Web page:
Instructive messages from Chinese nurses’ stories of caring for SARS patients

Authors

  • Huaping Liu,

    1. Authors:Huaping Liu, RN, PhD, FAAN, Dean and Associate Professor, School of Nursing, Peking Union Medical College, Beijing, China; Patricia Liehr, PhD, RN, Professor and Associate Dean for Nursing Research and Scholarship, Christine E. Lynn College of Nursing, Florida Atlantic University, Boca Raton, FL, USA
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  • Patricia Liehr

    1. Authors:Huaping Liu, RN, PhD, FAAN, Dean and Associate Professor, School of Nursing, Peking Union Medical College, Beijing, China; Patricia Liehr, PhD, RN, Professor and Associate Dean for Nursing Research and Scholarship, Christine E. Lynn College of Nursing, Florida Atlantic University, Boca Raton, FL, USA
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Huaping Liu, Dean and Associate Professor, School of Nursing, Peking Union Medical College, 190 A Chao Nei Da Jie, Beijing 1000010, China. Telephone: +8610 6524 0802.
E-mail:huapingliu@nursing.pumc.edu.cn

Abstract

Aim.  To identify instructive messages to guide nursing practice in future epidemics by examining the stories of Chinese nurses who cared for severe acute respiratory syndrome (SARS) patients.

Background.  Mainland China had three outbreaks of SARS between November 2002–May 2004 and suffered the greatest impact on morbidity and mortality worldwide. Most of the nursing-related literature about SARS has been reported from other countries. Researchers expect that global infections, like SARS, will persist and escalate in the future. It is important to access the guidance from nurses who cared for SARS patients in China and to uncover instructive messages which can be useful when facing global infections in the future.

Design.  Descriptive exploratory qualitative study of six Chinese nurses.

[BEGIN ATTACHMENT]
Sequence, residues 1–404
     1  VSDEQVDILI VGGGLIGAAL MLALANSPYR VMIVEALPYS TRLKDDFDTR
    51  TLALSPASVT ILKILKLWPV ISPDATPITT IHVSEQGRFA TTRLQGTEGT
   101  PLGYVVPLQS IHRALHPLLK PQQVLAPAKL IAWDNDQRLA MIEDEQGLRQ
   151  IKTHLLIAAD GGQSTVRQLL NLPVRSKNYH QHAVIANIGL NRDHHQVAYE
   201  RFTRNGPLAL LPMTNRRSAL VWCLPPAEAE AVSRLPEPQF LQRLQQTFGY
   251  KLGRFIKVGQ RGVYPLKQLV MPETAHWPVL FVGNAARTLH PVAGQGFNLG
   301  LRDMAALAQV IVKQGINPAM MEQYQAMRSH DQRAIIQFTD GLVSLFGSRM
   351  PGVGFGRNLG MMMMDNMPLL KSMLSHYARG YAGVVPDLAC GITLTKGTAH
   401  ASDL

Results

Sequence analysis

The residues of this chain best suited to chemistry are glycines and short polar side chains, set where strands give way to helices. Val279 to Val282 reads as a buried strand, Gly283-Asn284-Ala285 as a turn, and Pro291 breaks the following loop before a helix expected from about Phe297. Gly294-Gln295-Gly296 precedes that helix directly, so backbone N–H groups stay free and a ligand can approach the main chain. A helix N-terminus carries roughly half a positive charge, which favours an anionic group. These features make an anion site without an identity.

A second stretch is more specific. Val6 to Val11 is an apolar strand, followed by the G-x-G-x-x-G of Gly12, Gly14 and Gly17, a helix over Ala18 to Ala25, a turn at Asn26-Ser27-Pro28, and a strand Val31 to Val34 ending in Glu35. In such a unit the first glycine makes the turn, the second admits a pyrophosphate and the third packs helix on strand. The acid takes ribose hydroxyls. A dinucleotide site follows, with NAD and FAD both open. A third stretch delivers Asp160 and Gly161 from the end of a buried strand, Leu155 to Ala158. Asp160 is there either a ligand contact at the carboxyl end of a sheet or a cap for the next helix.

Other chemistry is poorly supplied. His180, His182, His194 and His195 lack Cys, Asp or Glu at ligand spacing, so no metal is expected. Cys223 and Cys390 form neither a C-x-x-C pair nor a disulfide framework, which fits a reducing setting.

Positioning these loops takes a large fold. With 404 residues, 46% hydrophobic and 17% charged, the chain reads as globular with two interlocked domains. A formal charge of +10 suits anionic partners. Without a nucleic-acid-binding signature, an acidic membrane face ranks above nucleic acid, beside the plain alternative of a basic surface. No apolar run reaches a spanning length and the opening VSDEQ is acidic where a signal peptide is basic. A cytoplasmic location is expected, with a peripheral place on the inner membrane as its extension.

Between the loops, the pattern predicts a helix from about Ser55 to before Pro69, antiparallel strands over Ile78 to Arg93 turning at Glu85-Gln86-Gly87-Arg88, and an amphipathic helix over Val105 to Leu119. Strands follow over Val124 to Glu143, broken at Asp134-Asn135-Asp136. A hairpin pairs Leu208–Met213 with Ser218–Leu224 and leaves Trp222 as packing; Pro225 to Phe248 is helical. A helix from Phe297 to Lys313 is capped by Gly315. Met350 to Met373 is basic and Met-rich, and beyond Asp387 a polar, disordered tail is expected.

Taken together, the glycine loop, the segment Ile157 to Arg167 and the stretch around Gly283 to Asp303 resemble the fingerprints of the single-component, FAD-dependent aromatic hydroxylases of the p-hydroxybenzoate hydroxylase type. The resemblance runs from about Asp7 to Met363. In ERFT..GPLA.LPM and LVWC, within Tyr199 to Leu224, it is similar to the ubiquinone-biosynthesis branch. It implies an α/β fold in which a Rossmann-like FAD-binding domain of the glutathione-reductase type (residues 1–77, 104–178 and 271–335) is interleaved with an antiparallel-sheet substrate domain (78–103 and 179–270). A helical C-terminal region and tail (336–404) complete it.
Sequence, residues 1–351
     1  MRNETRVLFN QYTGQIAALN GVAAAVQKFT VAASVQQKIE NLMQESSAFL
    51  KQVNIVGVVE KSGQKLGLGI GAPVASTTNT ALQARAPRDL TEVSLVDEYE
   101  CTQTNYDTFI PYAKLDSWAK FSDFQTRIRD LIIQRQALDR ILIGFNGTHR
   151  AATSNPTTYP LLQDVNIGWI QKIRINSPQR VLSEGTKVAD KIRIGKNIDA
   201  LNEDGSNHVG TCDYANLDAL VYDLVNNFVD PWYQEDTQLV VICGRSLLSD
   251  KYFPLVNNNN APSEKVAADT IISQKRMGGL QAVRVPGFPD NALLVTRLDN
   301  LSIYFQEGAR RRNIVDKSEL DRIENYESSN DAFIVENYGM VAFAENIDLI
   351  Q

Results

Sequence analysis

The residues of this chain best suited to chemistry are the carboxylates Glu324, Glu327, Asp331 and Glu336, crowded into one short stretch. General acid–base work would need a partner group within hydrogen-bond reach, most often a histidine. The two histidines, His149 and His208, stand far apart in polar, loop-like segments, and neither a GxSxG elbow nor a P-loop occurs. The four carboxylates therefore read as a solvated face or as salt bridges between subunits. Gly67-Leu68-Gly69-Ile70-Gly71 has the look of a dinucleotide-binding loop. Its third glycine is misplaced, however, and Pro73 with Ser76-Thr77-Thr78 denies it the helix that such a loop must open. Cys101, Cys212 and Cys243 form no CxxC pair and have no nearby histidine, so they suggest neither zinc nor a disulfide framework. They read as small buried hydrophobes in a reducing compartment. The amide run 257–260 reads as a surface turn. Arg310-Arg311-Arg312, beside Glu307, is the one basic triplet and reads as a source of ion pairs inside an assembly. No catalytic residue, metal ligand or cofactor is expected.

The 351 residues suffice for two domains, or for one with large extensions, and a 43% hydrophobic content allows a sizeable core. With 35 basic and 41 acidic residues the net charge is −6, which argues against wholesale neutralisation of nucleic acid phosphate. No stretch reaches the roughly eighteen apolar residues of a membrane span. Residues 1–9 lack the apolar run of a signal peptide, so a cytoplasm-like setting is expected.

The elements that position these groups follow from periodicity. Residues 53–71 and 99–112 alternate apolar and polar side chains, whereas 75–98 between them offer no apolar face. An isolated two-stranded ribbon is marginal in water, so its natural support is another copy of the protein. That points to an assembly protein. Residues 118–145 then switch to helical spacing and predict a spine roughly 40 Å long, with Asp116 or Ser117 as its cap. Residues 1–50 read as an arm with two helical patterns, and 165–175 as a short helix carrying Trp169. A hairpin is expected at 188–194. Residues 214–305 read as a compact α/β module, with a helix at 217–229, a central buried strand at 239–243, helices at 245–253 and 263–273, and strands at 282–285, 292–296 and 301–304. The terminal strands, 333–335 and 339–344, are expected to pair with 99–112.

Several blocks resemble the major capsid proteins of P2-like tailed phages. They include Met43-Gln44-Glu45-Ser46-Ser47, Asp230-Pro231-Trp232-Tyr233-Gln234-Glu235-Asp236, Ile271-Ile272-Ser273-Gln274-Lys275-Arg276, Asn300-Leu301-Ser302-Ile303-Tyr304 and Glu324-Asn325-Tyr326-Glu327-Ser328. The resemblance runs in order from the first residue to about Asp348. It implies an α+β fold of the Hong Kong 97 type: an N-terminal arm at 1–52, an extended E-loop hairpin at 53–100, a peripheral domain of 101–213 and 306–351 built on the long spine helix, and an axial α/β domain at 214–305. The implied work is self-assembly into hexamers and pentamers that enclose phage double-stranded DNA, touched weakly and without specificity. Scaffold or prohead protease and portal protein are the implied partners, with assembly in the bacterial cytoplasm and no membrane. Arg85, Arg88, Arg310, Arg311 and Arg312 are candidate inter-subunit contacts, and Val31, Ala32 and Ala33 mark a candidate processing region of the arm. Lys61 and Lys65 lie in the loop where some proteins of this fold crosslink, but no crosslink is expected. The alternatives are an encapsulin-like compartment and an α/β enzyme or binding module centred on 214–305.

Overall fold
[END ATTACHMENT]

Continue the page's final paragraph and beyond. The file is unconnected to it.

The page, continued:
Methods.  Data were collected in 2003, within the three months following the nurses’ quarantine necessitated by caring for SARS patients. Conventional content analysis was done using a cyberspace method of data analysis, where the geographically distant researchers conducted most phases of analysis through email communication.

Results.  Chinese nurses faced personal challenge, focused on the essence of care and experienced self-growth while caring for SARS patients. They cited structured support, meaningful disease-related information and sensitivity to the importance of a collaborative spirit as factors which enabled their caring nursing practice.

Conclusions.  These instructive messages come from China, where the SARS epidemic inflicted an unparalleled health impact. The messages give voice to the Chinese nursing experience and when synthesised with reports from other international nurses, they enable specific direction to enhance potential for a well-prepared nursing workforce and quality patient care in future epidemics.

Relevance to clinical practice.  The preparation of a knowledgeable, cared-for nursing workforce promises optimal outcomes with the emergence of the next global infection.

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